It was clear something wasn’t right. The two young girls had abandoned their usual unrehearsed, easy smiles for more serene expressions. Almost as if someone had told them how to be. Hands purposely shoved into the pockets of their respective summer smocks. Feet consciously kicking at the ground beneath their shoeless soles. Bodies stiff like some involuntary awareness had suddenly been delivered.
One of the girls, the one that upon close observation appeared a bit taller, was looking up towards the sky. There was a storm rolling in from the southwest and ahead of it were clouds that moved like they had somewhere to be; like they were behind schedule and had to hurry along before it was too late to get to wherever it was they had to get to. She took one of her hands from her pocket and pointed skyward. Her mouth moved. She was saying something.
The other girl, the one that despite being a bit shorter looked as close to identical to the other as a non-twin could, let her gaze follow her friend’s direction. She too pointed, only not to the exact same spot. And then almost at once, their faces softened, shoulders eased and smiles returned.
Another child – a younger girl, with hair akin to something Rumpelstiltskin would have paid for, approached the two sky gazers but herself, never bothered to tilt her head upwards. She was speaking … telling them something and pointing towards a house that stood directly behind the one that’s patio was occupied by the three girls.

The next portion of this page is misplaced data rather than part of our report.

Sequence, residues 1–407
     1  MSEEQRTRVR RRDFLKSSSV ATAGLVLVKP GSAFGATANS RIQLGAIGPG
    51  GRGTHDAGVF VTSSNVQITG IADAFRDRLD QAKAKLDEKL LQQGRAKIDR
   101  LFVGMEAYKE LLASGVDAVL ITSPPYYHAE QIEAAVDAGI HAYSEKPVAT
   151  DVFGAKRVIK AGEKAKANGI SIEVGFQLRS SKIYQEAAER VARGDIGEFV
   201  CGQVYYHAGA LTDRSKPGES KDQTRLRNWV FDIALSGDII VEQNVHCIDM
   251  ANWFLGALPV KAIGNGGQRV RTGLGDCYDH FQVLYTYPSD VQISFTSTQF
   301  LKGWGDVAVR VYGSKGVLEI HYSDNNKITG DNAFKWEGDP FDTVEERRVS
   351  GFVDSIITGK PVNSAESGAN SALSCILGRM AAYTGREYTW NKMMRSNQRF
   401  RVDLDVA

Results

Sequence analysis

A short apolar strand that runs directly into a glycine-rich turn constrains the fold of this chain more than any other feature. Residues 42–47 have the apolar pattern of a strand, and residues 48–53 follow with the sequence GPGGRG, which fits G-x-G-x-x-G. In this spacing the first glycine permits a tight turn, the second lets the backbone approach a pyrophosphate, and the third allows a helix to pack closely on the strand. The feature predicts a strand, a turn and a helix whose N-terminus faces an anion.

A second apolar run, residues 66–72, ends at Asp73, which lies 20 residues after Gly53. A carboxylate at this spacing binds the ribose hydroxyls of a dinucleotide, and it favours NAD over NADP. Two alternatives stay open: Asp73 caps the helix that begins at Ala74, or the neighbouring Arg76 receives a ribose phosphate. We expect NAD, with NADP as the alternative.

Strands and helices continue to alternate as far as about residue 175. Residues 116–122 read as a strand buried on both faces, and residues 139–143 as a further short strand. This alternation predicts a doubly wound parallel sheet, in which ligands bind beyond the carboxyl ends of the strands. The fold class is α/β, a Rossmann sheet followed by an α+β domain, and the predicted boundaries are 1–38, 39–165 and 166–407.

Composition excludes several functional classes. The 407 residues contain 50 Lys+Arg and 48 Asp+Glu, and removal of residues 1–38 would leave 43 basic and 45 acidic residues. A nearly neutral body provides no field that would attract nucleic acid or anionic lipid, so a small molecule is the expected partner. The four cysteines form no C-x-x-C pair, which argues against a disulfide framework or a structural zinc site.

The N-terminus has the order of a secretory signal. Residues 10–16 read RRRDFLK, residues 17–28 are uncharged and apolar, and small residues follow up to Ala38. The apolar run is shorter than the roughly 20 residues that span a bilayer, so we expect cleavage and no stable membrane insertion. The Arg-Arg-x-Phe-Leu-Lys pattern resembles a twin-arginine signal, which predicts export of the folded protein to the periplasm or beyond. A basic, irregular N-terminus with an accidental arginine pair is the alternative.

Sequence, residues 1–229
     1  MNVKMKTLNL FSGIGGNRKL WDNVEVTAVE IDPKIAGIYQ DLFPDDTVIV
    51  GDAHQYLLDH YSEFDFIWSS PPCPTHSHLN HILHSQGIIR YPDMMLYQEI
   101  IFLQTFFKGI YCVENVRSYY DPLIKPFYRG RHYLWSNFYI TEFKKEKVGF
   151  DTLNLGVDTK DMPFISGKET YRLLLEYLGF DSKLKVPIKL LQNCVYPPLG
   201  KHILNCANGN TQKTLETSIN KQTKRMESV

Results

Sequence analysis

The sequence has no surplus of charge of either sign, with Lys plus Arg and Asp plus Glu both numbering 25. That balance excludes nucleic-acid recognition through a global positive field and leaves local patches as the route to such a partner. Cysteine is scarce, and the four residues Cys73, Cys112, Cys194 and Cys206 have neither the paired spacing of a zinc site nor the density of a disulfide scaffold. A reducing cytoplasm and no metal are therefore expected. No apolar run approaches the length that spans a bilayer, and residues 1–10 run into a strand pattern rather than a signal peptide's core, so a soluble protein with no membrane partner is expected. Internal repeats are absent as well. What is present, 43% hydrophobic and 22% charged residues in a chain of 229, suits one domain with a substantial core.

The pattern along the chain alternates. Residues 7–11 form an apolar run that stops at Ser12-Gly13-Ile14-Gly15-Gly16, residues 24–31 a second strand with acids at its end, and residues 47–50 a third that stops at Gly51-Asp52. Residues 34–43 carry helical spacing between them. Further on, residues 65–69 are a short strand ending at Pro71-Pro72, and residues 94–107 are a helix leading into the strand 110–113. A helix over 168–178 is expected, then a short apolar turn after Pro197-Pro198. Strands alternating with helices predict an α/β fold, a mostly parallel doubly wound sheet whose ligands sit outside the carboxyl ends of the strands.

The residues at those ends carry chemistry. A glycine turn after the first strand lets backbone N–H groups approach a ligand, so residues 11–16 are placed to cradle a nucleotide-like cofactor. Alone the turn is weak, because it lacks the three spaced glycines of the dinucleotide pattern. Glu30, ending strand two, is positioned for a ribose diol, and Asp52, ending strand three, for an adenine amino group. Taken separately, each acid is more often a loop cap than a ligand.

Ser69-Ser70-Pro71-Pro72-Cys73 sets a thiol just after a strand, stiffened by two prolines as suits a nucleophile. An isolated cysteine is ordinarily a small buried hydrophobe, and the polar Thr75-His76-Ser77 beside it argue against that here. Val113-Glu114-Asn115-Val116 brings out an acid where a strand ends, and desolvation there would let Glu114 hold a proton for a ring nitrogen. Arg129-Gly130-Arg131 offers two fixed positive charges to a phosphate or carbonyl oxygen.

The older girls shifted their eyes from the clouds above to the backdoor across the yard. Someone was standing just inside the sliding glass doors but whoever it was, was partially hidden by shadows the sun had created with help from the impending weather. Simultaneously, the two shrugged their shoulders and separated – the shorter of the two turned and went towards the house and whomever had beckoned her home, while the other girls started up the patio steps and into their own home.
But then, before closing the door behind her, the older of the two sisters ran back outside and yelled for her friend.
“Emily!” she called. “Wait!”
Emily turned and instinctively ran not towards Katherine but to the giant oak that towered over their backyards.
The two girls hugged one another then sat down cross legged, each with one hand on the tree, the other intertwined at the little finger and in unison repeated their secret chant.
“Let’s swear each with our pinky
We’ll be the best of friends
Until we are old and wrinkly!”
And then they stood, sober again, hands in pockets and slowly, methodically, walked to their respective homes where …
Today’s post inspired by The Daily Prompt – Choose Your Adventure: “Write a story or post with an open ending, and let your readers invent the conclusion.” This excerpt is the opening scene from the YA novel I wrote titled, “Be Still, The Jabberwocky Approach” – it’s due to drop (if all goes according to plan) early spring 2016. Thanks for reading!